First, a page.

Bjork review, O2 Arena: Icelandic artist breathes rich, slippery life into London’s most barren concert space
In her teens, Bjork swore an oath never to perform in an arena. The punk who rejoiced in her physical contact with nature and the messy scuffle of human connection had seen how these vast, industrial spaces sucked the life out of music, leaving dead air between artist and audience. Arenas bored her.
But her 2017 album, Utopia, hymned the human race’s potential to save the planet we’ve been poisoning. “A territorial hope affair,” is how she described its lush layers of flute, harp, synths and birdsong. What better way to animate that inspiring concept than to breathe rich, slippery life into the aridity of London’s largest and most barren concert space?
High-definition birdsong is already darting around the O2 as I take my seat; the innovative sound system makes it sound as though exotic birds are swooping over my head, or hiding in the gloomy corners. The show opens with an earthy 20-minute set from the Hamrahlid Choir, dressed in traditional folk costumes as they delivering hearty traditional Icelandic songs and choral arrangements of Bjork’s “Sonnets/Unrealities XI”. The unadorned human voices serve to warm and anchor the atmosphere before the night’s “digital theatre” begins, where Bjork performs most of Utopia with a sequence of Tobias Gremmler’s phantasmagoric digital art projected onto screens around her.
I had been wary of this high-tech, high-definition idea. Could such crisp, computer-generated lines summon the intense, organic sensory kick Bjork was after? In the words of one woman behind me: “OH MY GOD, YES!”
It feels like being in a mutant rainforest aboard a spaceship. Gremmler’s fertile imagery conjures the virtual hyperreality of orchids, galaxies, bacteria, faces, forests, fungi and foetuses. It is the most immersive and intoxicating visual experience I have experienced in such an inorganic space. People gasp, giggle, sigh. I realise that suspicion of Bjork’s approach is like being suspicious of the amazing film tech that David Attenborough uses in order to bring the intimate detail of previously unknown species into our living rooms.
On a glowing stage inspired by oyster mushrooms, Bjork is surrounded by her harpist, choir and seven female flautists. The sound places an emphasis on the breath – I feel my own lungs align with the drifting rhythm. At one point, two giant organ pipes are lowered down and the humid air of an E flat and a B-flat major yawn through them for five minutes. The soft, deep vibrations make our soft tissue wobble.
I have to google the other instruments afterwards: a xylosynth, an aluphone (the bells Evelyn Glennie used at the opening ceremony for the London 2012 Olympics), a piezoelectric violin made by Monad design studio, and a segulharpa (with steel strings that interact with the magnetic fields created by the internal analog circuitry). Most glorious are the water drums played by Austrian Manu Delago – I yearn to get my hands into the tank in front of him, full of strange brown shapes resembling giant walnut shells. He strikes them, splashes them, then slowly upends them with the wonder of a toddler at bath time.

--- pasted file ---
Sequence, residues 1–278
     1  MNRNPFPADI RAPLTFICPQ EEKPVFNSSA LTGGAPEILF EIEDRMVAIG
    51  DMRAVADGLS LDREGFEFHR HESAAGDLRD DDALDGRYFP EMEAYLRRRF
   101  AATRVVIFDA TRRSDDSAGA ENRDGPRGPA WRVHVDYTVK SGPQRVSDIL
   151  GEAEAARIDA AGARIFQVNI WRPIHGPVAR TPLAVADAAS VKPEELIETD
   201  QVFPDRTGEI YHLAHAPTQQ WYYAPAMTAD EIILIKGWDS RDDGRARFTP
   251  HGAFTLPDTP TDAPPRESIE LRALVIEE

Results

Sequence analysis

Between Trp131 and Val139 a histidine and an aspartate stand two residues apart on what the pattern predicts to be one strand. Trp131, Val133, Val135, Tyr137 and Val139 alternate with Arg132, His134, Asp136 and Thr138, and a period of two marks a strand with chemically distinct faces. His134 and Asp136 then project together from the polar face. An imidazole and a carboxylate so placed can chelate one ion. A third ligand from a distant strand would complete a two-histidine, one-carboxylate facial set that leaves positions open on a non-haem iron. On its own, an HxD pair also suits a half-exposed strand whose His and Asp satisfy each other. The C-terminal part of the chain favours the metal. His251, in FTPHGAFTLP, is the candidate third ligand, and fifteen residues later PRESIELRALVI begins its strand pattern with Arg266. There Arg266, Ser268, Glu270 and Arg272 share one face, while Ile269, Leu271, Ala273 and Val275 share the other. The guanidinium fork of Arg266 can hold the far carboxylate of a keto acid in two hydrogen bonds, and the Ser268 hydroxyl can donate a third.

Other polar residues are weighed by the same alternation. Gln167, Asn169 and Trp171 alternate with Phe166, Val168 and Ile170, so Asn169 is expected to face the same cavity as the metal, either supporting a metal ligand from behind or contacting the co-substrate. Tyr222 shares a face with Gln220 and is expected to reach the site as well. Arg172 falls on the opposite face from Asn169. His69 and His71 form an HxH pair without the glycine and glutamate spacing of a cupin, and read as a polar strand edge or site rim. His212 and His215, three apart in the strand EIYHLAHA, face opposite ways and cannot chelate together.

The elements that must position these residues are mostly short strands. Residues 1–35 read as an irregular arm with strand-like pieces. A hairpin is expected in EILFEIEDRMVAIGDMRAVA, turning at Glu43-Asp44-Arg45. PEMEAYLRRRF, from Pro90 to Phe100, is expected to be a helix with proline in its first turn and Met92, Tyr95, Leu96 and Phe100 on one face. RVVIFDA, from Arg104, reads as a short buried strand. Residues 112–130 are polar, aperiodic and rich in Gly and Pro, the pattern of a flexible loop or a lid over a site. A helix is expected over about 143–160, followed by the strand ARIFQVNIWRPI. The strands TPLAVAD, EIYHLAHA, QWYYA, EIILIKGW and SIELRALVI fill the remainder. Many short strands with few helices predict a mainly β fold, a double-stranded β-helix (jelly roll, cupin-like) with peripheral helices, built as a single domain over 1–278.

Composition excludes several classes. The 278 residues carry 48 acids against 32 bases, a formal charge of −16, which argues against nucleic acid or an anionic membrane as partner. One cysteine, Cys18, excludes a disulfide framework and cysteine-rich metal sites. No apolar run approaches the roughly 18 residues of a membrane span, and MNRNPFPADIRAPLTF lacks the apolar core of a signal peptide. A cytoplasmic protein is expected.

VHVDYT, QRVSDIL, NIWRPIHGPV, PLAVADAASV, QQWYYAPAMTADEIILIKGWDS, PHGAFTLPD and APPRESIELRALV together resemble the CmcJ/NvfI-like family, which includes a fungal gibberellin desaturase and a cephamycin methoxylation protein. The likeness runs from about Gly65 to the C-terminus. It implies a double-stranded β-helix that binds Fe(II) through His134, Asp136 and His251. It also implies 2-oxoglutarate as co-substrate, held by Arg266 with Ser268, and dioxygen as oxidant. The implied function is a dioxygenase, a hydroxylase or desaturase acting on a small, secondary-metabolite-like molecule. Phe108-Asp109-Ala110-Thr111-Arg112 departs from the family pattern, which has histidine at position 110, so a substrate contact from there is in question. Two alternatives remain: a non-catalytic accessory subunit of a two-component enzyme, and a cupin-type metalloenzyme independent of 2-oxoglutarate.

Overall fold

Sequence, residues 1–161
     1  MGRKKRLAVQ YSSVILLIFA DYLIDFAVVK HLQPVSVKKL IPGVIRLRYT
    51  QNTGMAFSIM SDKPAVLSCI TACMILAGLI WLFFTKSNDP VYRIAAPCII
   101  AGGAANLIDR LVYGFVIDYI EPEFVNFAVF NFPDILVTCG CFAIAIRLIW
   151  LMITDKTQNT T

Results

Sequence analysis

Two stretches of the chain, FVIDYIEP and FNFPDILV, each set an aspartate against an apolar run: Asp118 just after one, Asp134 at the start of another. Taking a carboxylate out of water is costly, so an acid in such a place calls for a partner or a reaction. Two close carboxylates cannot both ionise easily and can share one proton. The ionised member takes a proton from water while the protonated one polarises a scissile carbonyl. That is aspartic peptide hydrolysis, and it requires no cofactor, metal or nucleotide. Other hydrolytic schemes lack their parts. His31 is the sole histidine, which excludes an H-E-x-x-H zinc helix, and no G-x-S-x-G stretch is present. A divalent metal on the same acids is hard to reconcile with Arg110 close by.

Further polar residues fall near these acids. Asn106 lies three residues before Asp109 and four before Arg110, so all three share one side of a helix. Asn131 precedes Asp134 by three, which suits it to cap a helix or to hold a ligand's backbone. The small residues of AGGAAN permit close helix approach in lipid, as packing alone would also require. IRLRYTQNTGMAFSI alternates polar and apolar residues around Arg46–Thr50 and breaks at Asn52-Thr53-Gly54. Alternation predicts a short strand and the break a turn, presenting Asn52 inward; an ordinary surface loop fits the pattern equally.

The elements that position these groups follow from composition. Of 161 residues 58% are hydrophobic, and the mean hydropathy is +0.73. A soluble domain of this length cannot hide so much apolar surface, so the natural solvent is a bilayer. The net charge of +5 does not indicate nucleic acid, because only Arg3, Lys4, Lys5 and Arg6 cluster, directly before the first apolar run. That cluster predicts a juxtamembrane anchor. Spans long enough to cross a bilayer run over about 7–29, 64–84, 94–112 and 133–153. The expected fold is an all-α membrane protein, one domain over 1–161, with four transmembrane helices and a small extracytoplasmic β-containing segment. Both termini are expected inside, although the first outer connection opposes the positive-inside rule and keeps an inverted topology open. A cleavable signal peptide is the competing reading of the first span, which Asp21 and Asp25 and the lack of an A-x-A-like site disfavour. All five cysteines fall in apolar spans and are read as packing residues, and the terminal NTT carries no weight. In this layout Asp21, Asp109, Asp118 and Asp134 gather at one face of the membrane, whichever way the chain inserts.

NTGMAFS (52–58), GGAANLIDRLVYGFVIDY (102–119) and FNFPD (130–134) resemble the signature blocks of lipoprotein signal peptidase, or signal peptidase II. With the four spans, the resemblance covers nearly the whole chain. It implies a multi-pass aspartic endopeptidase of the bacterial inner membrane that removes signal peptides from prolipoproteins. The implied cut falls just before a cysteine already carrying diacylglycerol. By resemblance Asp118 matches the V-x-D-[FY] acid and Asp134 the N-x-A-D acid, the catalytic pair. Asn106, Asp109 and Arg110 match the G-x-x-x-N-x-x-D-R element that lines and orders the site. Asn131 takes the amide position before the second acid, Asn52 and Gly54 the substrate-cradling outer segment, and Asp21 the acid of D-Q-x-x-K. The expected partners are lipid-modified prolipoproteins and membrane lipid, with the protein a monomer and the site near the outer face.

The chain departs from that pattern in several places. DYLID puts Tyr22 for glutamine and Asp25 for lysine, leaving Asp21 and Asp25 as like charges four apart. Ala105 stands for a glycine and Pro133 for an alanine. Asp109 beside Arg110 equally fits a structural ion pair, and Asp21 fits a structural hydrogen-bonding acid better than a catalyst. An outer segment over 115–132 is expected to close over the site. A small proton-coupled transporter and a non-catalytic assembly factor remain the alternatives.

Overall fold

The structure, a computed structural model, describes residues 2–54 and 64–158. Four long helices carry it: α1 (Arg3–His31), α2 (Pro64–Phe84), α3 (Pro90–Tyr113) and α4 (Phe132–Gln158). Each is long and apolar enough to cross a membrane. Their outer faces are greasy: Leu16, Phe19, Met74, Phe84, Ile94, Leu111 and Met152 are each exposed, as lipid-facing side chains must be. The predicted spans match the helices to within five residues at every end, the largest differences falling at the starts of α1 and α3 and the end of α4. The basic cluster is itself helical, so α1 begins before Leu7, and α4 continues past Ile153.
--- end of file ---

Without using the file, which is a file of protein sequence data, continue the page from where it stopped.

Bjork goes into a quirky wigwam of a reverb chamber to throw her own volcanic lung capacity into a couple of the evening’s only older tracks: mutant reincarnations of “Show Me Forgiveness” and “Venus as a Boy” (neither of which she has performed since 2011). The technique shifts the show’s scale again, drawing us into the strangely private/public space. At 53, she can still sound like an overwhelmed or over-excited kid. The only other big old hit, “Isobel”, is a front-of-stage belter.
The only flaw is the lack of clarity in Bjork’s own vocals. Her costume – with its wrinkled mask and strange shoulder-wings – remind me of a bat’s anatomy. I think of echolocation and how Bjork bounces sound and feeling off the walls, just like a bat. It’s just a shame I can’t hear her words with a bat’s precision. Many in the audience aren’t completely familiar with Utopia, and they strain to hear lyrics that express Bjork’s fresh embrace of feminism – her newfound openness to love in the wake of her separation from long-term partner Matthew Barney.
But she shivers the thrill of new love into “The Gate” and spits crisp fury into “Tabula Rasa”: “For my children,” she sings, “Let’s clean up/ Break the chain of the f***ups of the fathers/ It is time/ For us women to rise and not just take it lying down/ It is time/The world is listening/ Oh, how I love you/ Embarrassed to pass this mess over to you…” After this, the screens behind her begin to show images of Bjork as a superhero – muscular, winged and full of fire.
Greta Thunberg then appears on our screens with a recorded speech calling for our solidarity in her fight against climate change. She asks us to follow the children and change the system. By releasing our own inner children and revolutionising the standard concert system, Bjork makes this seem possible. In a projected text, she reminds us that it is time for nature and technology to come together in one “song”.
I leave feeling a little giddy. To paraphrase Bjork’s “Jorga” (which she doesn’t play), it’s as though a landscape has passed through me. I watch a couple in the queue ahead of me slip their O2-bought plastic water bottles into their bags. Maybe they’ll start reusing them today. Maybe they’ll use them to make water drums.
The 50 best albums of the decade
Album reviews: Beck – Hyperspace and Lady Antebellum – Ocean
Celine Dion’s Courage is let down by vague and inauthentic songs